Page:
When legends meet.
It’s NEAL ADAMS MONTH here at 13th Dimension, and we’re featuring daily commentary by Adams on his variant-cover project for DC Comics. Each of his 27 variants is a twist on one of his famous covers from the past. He provided the pencils, and the inks and colors were handled by some of the biggest names in the business like Frank Miller and Jim Lee.
For the full NEAL ADAMS MONTH INDEX of stories — click here.
For yesterday’s in-depth history of Green Lantern #85 — aka the “Speedy’s a junkie” issue — and the modern version, Batman/Superman #29, click here.
Today, Adams is joined by none other than Walt Simonson, the guest inker on the cover of Batman #49 — due out 2/10. It’s a straightforward spin on Deadman #1.
This is an interesting choice. Before trade paperbacks and hardcovers were a regular thing, DC in the ’80s would reprint popular stories on more durable stock but with new (or at least altered) covers. Hence, the Deadman series, which reprinted Adams’ work on the cult fave from 10-15 years before.
Here’s Adams. (And for Walt Simonson’s take, click here.)
Dan Greenfield: All right. So next, we come to Batman #49 and Deadman #1, the Deadman reprint issue.
Neal Adams: … So all I really did was replace Deadman with Batman.
Dan: And this is Walt Simonson (on inks).
Neal: Yeah! Isn’t that nice?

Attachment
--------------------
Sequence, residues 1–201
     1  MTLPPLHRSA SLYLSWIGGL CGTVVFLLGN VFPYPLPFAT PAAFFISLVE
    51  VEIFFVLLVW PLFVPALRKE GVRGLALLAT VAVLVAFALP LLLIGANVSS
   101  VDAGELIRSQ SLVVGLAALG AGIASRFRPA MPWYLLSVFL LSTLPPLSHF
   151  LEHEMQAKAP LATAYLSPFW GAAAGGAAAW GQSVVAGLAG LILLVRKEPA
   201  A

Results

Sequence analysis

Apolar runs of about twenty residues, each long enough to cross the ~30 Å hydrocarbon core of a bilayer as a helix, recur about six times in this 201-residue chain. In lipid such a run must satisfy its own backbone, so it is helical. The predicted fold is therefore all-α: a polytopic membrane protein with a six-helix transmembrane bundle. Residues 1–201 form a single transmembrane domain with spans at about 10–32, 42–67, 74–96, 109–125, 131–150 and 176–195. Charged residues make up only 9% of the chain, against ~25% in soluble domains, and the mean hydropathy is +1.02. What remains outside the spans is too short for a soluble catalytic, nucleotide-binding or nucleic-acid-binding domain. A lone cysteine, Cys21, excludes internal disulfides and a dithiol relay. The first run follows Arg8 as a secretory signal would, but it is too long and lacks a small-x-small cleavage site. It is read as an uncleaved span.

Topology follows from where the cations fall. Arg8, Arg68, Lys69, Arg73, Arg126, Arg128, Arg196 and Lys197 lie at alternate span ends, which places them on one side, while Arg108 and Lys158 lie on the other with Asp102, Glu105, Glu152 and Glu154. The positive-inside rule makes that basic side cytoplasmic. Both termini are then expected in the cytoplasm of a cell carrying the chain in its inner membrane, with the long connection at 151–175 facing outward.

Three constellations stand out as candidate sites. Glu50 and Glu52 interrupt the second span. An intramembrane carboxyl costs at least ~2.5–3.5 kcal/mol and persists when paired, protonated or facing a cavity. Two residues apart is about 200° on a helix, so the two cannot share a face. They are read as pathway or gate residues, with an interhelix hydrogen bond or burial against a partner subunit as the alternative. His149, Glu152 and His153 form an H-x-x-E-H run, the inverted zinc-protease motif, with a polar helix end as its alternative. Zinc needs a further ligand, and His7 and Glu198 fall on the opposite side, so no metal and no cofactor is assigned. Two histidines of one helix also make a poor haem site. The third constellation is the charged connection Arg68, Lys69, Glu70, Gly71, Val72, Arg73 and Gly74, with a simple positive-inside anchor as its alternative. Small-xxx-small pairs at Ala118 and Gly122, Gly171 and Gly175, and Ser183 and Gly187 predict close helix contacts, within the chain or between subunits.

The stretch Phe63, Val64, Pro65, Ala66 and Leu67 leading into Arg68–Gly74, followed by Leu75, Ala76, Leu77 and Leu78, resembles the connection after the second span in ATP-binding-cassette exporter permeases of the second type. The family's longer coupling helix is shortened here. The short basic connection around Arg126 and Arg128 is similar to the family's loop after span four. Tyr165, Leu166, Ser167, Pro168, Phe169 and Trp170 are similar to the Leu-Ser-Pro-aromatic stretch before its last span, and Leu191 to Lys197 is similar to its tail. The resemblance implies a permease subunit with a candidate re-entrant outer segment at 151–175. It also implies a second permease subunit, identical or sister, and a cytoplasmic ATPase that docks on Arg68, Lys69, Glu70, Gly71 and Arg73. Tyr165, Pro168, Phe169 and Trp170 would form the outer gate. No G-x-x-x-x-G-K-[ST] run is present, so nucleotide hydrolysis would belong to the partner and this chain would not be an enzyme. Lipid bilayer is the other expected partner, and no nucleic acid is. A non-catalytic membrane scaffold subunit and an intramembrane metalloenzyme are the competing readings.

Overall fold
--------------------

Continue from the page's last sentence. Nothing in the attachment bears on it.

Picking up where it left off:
Dan: Did you talk to any of these guys when this was happening?
Neal: Not at all. Not one word.
Dan: Did you have any input or did everything just come…?
Neal: I didn’t want to! I mean, where’s my fun? I’m supposed to get fun out of this, too! To see these guys go ahead and to think their thoughts and to go through whatever that process is that they go through without somebody coming into the room and saying, “Oh, by the way…” and then screwing up their own head — let them go through the process and then make their own decisions. I like that so much better. And I look at the result.
I’ve got all these covers and they all went through different processes to get there. …
(For example,) P. Craig Russell, the Sgt. Rock one… he made decisions on what he was gonna do in that process for that cover. In another cover, he might make another process. Or if we had a conversation, I might have not gotten that cover. I might’ve gotten something totally different.
So my being out of it is the best thing. I’m just the source material.
You can also find more on Neal Adams at his website, here.